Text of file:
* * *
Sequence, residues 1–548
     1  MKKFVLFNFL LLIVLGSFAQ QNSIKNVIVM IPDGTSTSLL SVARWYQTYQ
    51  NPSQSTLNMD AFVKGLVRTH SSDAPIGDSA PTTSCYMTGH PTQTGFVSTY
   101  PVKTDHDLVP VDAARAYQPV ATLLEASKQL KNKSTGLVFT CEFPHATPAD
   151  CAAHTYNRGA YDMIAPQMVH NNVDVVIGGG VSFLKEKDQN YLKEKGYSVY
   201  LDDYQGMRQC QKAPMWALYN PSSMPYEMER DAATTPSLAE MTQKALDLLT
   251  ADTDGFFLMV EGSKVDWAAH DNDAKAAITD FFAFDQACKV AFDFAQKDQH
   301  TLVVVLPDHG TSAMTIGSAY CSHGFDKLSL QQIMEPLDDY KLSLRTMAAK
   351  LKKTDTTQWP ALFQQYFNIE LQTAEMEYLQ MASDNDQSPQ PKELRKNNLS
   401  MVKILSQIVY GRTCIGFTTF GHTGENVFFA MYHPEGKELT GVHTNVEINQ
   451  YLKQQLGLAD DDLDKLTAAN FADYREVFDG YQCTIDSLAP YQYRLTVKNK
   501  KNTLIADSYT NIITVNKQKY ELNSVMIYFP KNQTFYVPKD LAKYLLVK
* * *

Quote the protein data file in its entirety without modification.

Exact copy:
Sequence, residues 1–548
     1  MKKFVLFNFL LLIVLGSFAQ QNSIKNVIVM IPDGTSTSLL SVARWYQTYQ
    51  NPSQSTLNMD AFVKGLVRTH SSDAPIGDSA PTTSCYMTGH PTQTGFVSTY
   101  PVKTDHDLVP VDAARAYQPV ATLLEASKQL KNKSTGLVFT CEFPHATPAD
   151  CAAHTYNRGA YDMIAPQMVH NNVDVVIGGG VSFLKEKDQN YLKEKGYSVY
   201  LDDYQGMRQC QKAPMWALYN PSSMPYEMER DAATTPSLAE MTQKALDLLT
   251  ADTDGFFLMV EGSKVDWAAH DNDAKAAITD FFAFDQACKV AFDFAQKDQH
   301  TLVVVLPDHG TSAMTIGSAY CSHGFDKLSL QQIMEPLDDY KLSLRTMAAK
   351  LKKTDTTQWP ALFQQYFNIE LQTAEMEYLQ MASDNDQSPQ PKELRKNNLS
   401  MVKILSQIVY GRTCIGFTTF GHTGENVFFA MYHPEGKELT GVHTNVEINQ
   451  YLKQQLGLAD DDLDKLTAAN FADYREVFDG YQCTIDSLAP YQYRLTVKNK
   501  KNTLIADSYT NIITVNKQKY ELNSVMIYFP KNQTFYVPKD LAKYLLVK